This strange object is the residue of the Eversharp pen colossus after it was bought out by Parker– it says Eversharp on the front of the cap, but Parker around the back. There’s not a lot of information floating around about it– just getting the name sorted out was a great effort for the collected boffins of the Fountain Pen Network. It comes from the very late 1950s, probably about 1958, as this is when the buy-out occurred, and it’s sort of a pre-cursor to the Parker 45– a relatively simple cartridge loading pen. The name might be a play on the old “a picture is worth…” saying, but a slightly more sensible speculation (which I crib from the entry on different but equally oddball pen of that time over at parkerpens.net) is that it is suggestive of how much writing one might do out of a single cartridge.
It is about as good a pen as it looks– a reasonable steel point, a little easier to grip than a 45 thanks to a wider grip and the Baleen Whale texture of the section. That texture is visible when the pen is capped, giving one some pause on the subject of the seal provided by the cap. I also wonder whether that little Samurai court hat at the top of the cap isn’t meant to lead an observer into thinking it’s a ball-point rather than a fountain pen, which for me is a very sad statement about the nature of the pen business at the close of the ’50s. The weirdness of the design is hard to photograph well, in that the point looks like it’s in upside down in what was meant to be a semi-hooded section.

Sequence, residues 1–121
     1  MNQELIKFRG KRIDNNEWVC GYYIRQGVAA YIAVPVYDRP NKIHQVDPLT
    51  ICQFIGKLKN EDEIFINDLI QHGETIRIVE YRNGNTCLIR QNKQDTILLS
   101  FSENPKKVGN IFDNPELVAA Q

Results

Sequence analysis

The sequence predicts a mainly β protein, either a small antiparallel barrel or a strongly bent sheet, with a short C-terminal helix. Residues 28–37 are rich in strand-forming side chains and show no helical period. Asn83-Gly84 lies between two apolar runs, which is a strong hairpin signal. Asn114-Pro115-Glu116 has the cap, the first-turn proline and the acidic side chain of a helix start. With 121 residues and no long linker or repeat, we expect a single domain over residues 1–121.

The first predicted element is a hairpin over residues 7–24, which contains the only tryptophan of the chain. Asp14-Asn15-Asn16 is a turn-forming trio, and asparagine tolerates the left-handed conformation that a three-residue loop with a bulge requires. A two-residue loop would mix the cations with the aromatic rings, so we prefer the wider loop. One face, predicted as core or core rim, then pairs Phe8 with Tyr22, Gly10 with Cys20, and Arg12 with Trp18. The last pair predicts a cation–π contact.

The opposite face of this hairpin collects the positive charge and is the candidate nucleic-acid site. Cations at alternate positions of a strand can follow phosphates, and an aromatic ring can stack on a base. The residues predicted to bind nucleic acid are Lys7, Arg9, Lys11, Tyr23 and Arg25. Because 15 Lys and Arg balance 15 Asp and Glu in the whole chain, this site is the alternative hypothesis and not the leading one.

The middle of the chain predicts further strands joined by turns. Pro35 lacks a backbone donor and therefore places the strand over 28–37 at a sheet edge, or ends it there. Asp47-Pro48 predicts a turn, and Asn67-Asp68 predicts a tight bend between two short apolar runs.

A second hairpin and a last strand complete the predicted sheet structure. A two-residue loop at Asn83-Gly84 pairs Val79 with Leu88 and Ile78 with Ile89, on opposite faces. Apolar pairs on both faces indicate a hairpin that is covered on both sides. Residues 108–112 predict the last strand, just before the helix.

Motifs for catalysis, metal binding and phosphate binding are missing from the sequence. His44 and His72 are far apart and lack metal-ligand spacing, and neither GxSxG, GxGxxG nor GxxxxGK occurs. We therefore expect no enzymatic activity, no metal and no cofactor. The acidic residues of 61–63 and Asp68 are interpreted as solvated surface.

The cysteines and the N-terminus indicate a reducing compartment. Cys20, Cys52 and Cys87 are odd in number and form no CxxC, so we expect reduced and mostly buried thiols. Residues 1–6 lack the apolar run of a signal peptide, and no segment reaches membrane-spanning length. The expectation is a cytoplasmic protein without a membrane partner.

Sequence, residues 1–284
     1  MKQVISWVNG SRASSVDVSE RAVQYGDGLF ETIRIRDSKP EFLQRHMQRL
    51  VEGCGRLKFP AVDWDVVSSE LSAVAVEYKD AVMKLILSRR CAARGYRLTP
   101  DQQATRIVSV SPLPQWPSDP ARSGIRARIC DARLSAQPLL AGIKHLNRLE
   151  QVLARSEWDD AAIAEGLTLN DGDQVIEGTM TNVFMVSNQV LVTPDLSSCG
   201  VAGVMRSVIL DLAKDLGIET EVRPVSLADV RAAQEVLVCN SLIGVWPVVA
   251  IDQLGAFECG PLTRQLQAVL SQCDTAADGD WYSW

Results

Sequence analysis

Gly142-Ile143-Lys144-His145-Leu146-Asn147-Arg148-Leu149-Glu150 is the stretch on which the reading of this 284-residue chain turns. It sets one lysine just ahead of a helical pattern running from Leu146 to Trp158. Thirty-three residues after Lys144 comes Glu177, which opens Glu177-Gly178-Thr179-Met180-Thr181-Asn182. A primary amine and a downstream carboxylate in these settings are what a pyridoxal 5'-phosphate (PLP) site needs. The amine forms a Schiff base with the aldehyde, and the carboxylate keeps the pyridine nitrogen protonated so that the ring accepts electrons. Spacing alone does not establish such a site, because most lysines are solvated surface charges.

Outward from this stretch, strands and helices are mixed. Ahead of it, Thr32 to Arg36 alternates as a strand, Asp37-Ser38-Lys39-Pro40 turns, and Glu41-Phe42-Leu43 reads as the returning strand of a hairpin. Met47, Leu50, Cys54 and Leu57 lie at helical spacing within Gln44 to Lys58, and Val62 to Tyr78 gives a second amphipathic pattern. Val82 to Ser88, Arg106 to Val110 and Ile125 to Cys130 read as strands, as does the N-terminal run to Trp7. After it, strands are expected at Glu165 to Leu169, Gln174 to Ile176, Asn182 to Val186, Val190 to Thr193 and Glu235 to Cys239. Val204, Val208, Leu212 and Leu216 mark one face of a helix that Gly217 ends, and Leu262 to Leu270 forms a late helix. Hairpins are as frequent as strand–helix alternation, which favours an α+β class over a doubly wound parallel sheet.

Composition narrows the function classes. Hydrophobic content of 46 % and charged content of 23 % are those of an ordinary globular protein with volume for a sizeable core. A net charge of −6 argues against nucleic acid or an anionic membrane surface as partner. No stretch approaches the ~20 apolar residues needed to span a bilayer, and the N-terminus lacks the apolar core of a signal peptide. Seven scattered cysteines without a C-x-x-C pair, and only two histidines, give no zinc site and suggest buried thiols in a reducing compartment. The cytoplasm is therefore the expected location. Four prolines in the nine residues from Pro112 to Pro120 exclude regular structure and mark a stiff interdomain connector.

Production Run: c. 1958 – c. 1959
Cost When New: Low, but I’ve no actual data.
Size: 13.0 cm long capped, 13.0 cm posted, 12.5 cm uncapped.
Filler: Cartridge, capacity approx. 1.2 ml (same one as Parkers use).
If you are relying on the preceding information to win a bet or impress a teacher, you should read the site’s scholarly caveat. Remember, this is the internet, and it’s full of bad information.